Chief Justice of J&K High Court, Justice Gita Mittal today highlighted the importance of a doctor being as the immediate responder to a victim of domestic or sexual violence and said that the testimony of doctor is the vital evidence to punish the guilty of the crime. She called upon the doctors to use their inner conscience while attending the victims of such crimes so that their opinions become the main evidence in determining the cases by the judiciary.
The Chief Justice was speaking at a day-long training programme for presiding officers and doctors on handling survivors of sexual violence at hospitals. The training was organized under the aegis of High Court of J&K in collaboration with the Health Department and J&K State Judicial Academy.
Justice Alok Aradhe, Judge J&K High Court and Chairman of State Judicial Academy, Justice Sindhu Sharma, Judge J&K High Court, Resource Persons, Dr. Jagadeesh Narayana Reddy, Dr. Padma Deosthalli, Abdul Rashid Malik, Director State Judicial Academy, Dr. Samir Mattoo, Director Health Services, Jammu, Judicial Officers, doctors and other members of the legal fraternity were present in the workshop.
Justice Gita Mittal said that the purpose of holding this important programme is to explain the significant role a doctor plays in helping a victim to get justice at times.
She said, “in a case of domestic violence, a doctor while trying to ascertain the reasons behind the patient’s condition, usually records the patient’s history. “If the victim dies, the same statement recorded by the doctor before the death of the patient and is treated by the Judge as the “dying declaration” of the victim. The dying declaration, supported by the testimony of the doctor confirming that the victim actually made that statement, can be relied upon to convict the husband or the in-laws or whosoever has committed the crime, and at times it could even be relied upon to punish the accused as per law.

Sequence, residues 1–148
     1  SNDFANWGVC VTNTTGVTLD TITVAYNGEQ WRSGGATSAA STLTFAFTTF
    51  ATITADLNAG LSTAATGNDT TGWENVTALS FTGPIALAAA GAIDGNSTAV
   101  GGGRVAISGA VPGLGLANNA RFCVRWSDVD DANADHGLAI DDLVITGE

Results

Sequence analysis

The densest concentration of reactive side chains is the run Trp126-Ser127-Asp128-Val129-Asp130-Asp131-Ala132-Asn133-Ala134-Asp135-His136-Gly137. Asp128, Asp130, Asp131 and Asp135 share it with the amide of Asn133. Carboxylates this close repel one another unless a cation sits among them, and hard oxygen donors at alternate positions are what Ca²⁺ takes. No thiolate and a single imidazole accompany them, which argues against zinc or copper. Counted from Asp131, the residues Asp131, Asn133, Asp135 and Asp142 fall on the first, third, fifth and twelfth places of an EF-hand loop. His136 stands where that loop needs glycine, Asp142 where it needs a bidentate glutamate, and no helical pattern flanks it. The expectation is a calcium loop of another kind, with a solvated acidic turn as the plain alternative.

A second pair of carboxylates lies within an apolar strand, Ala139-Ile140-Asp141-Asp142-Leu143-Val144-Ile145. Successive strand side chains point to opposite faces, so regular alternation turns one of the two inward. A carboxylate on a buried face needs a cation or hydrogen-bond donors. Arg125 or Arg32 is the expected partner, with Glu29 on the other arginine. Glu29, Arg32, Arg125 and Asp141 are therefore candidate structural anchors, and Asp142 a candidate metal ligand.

The CJ called for organizing frequent interactions between doctors and lawyers to clear doubts that gets created at various instances while delivering the professional duties.
She also deliberated on the needs to be done if the medical examination of a victim of sexual violence records no evidence of rape. “Rape is not a medical term, it is certainly not taught in the medical books. It has been interpreted after the 2013 amendment to the law and has several nuances and connotations, including outraging modesty and other terms. These are all legal expressions. So what the doctor has to record while doing a medical examination of a patient is debatable,” she added.
She also explained the reason why it is important to sensitize the doctors regarding some legal knowledge and how they are supposed to react when they get a summon from the court.
“If a doctor is supposed to come to court as a witness, however, at the same time he/she gets an emergency call from the hospital to attend a patient urgently. What should a doctor do in such a circumstance? Whether to go to court and or to attend the patient and face the legal warrant afterwards ?. Therefore, it is important that doctors are aware with the law and how to deal in such circumstances,” said the Chief Justice.
The resource persons deliberated in length and breadth on several issues on the subject and also enlightened the participants on the advancements on this particular subject.
The discussion on gender issues revolved around on understanding circumstances and context in which sexual violence occurs, while as forensic issues during survivor’s examination were deliberated upon under legal issues and laws governing sessions.
Director J&K State Judicial Academy, Abdul Rashid Malik conducted the proceedings of the workshop and introduced the subject to the participants.